PayPal fired around 80 employees at its San Jose headquarters and dozens more throughout its Chicago, Omaha and its Chandler Arizona offices -- per Crain’s. The company has undergone a series of re-structuring events over the last few years, but that has been mainly to re-target its international focus to fewer geographies. These U.S. layoffs are new and continue a series of daily hiring pause and layoff announcements from prominent firms over the last several weeks.
In recent calls, CEO Dan Schulman has alluded to PayPal’s aggressive hiring during the pandemic being less efficient than the company would have liked to take advantage of pandemic trends that were juicing demand. He and many other prominent executives extrapolated these pandemic trends to be far more permanent than they’ve turned out to be. This is the hangover. Walmart, Amazon, Uber and many, many more are going through similar capacity right-sizing. For context, PayPal's headcount growth sharply accelerated to 33% YoY in 2021 and for more context, these layoffs represent well under 1% of its global workforce.
Layoffs are always a painful decision as they involve the livelihood of human beings. But in this case, it's unfortunately a necessary move. Multiples for fintech and VC-funded cash burners could continue to shrink and PayPal will be in an ideal position to scoop up some of these assets if it can remain nimble and liquid like it has been able to do. Hefty cash flow generation helps, but layoffs for non-vital employees unfortunately do too.
PayPal’s venture fund invested in Jetty -- a company born to “make home renting more affordable and flexible.”
Jetty’s products include:
Jetty Deposit -- a slick alternative to standard security deposit operating procedures
Jetty Rent -- a “flexible rent payment program”
Jetty Protect -- Renters insurance
A piece of this funding will be earmarked for the creation of new credit products (called Jetty Credit) for renters which PayPal will be intimately connected in creating. This product will automate and streamline rent payment reporting to credit agencies and offer more credit score boosting tools. Jetty’s network of property managers and owners includes over 1 million rental units in the USA.
Venture investments will not move the needle in the short term for large caps like PayPal with tens of billions in revenue. Still, it does hint at where the next frontier of focus will be for the team’s long term vision. Recently, these investments have centered on crypto and blockchain solutions, but this is a different category. Perhaps it’s looking to bring some form of pay later solution to the world of renting? I’m speculating, we’ll see.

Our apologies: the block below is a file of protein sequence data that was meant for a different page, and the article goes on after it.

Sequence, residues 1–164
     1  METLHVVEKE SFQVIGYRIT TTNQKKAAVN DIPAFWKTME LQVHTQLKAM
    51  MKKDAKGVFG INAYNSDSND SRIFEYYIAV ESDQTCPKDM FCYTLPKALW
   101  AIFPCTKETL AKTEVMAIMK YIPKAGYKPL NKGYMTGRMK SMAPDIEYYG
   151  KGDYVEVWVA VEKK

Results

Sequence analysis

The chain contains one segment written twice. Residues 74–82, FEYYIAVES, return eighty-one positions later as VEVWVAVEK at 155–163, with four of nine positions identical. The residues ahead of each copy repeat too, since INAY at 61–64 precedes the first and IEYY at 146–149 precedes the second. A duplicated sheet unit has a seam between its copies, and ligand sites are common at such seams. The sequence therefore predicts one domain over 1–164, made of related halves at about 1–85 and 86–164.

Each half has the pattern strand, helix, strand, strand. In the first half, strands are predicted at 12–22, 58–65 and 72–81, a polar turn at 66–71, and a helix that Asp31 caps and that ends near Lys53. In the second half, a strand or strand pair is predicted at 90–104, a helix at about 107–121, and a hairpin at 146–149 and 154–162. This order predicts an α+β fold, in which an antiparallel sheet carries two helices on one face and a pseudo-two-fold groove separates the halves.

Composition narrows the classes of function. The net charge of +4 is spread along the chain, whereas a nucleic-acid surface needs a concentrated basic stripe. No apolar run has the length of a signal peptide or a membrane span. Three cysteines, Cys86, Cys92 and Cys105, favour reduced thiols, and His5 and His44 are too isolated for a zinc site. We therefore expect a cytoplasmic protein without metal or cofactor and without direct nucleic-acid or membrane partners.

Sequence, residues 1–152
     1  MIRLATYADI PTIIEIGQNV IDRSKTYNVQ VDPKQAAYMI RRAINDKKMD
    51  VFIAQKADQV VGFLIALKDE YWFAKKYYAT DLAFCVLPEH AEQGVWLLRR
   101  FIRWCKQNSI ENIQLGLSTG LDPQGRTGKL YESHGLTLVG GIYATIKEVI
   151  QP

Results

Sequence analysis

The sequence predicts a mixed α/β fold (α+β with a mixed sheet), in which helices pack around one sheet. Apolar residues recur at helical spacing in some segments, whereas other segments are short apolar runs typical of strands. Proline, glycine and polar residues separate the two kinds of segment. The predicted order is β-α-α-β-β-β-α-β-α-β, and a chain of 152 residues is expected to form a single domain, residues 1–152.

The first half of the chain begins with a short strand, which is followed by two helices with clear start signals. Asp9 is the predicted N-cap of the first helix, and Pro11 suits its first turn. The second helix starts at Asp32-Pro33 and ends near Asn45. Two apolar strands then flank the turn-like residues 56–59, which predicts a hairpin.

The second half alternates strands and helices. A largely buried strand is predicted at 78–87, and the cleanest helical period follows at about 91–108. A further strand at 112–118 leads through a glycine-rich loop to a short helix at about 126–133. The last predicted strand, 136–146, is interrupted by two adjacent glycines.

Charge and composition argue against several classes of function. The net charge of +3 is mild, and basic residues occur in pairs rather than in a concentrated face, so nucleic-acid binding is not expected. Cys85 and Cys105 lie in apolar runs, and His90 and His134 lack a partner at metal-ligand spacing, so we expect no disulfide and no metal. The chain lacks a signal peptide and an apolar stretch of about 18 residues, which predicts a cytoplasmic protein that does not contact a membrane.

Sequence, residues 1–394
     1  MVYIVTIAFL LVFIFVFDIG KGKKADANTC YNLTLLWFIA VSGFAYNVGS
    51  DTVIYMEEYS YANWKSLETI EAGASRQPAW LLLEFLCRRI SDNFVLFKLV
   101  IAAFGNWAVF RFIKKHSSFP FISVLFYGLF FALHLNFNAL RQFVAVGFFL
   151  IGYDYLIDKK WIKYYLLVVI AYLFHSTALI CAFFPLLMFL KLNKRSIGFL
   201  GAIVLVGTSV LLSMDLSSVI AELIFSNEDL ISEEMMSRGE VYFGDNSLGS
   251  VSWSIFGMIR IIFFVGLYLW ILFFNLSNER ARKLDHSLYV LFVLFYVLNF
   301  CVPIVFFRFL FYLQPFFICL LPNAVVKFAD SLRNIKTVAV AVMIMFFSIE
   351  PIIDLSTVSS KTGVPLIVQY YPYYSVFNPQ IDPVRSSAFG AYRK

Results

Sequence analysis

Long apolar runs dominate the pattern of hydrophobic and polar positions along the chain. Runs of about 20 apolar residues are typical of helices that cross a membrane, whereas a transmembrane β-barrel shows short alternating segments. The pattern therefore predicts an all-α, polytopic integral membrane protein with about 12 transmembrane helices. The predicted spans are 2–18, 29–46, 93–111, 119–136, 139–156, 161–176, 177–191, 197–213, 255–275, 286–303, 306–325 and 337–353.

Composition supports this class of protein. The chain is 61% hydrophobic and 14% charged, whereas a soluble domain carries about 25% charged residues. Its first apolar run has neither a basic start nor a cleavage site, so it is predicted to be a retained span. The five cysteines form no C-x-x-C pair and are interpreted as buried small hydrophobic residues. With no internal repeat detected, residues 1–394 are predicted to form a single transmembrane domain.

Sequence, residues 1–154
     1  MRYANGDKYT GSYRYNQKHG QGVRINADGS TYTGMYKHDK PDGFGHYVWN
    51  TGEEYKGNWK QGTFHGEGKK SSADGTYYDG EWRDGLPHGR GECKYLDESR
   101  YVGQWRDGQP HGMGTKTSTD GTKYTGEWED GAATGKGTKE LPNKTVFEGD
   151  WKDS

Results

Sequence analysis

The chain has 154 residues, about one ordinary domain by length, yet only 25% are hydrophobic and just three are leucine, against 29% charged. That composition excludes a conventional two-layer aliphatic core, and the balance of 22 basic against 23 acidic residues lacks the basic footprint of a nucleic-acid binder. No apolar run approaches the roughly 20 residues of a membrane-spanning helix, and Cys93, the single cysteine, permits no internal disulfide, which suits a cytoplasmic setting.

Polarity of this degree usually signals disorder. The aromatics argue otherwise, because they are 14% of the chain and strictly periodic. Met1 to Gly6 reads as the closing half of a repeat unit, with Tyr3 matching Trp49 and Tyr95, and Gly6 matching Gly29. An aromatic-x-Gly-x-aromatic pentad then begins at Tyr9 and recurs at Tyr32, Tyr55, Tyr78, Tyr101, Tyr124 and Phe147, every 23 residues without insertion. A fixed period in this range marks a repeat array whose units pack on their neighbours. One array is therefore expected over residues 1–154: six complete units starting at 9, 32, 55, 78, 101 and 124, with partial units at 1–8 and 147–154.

c) My Talk with PayPal's Head of Investor Relations
Several interesting notes came from my chat this week with the company's IR Head. All of those notes will be infused into my deep dive which I'm hard at work on. For now, I wanted to share the main highlights:
The company has seen no recent impacts in delinquencies, charge-offs or loss rates from its consumer credit products amid worsening macro. Great news.
The appetite for M&A has somewhat grown in recent months as multiples have become more rational.
Apple and Google are still considered to be more so partners to PayPal than direct competition.
5. Meta Platforms (FB) -- Various News
Meta selected Microsoft’s Azure as a strategic cloud provider to bolster the return on its automation and AI investments in advertising and the metaverse.
It’s also partnered with AWS. In a world that’s increasingly multi-cloud, this makes sense to me to bolster interoperability.
Zuckerberg said this week that the Metaverse business will burn cash for the next 3-5 years. This is not new.
Instagram refreshed its user interface with brighter colors and easier, more obvious access to short form Reels.
Quick note -- Meta loves to be overly conservative with forward guidance. I don’t anticipate it needing to pre-announce results lower like Snap had to do.
6. Progyny (PGNY) -- A New Hire
Arielle Bogorad has been named as Progyny’s new SVP of Employer Market Strategy and Workforce Health Services. Bogorad spent nearly 14 years Cerner Corporation climbing the ladder from Strategist to Senior Director and GM. As the benefits lead at Cerner, her knowledge of competing solutions is immense, and interestingly, Bogorad’s initial interaction with Progyny made her realize how differentiated and impressive the product and approach both were. Bogorad will spearhead client relationship maintenance for Progyny.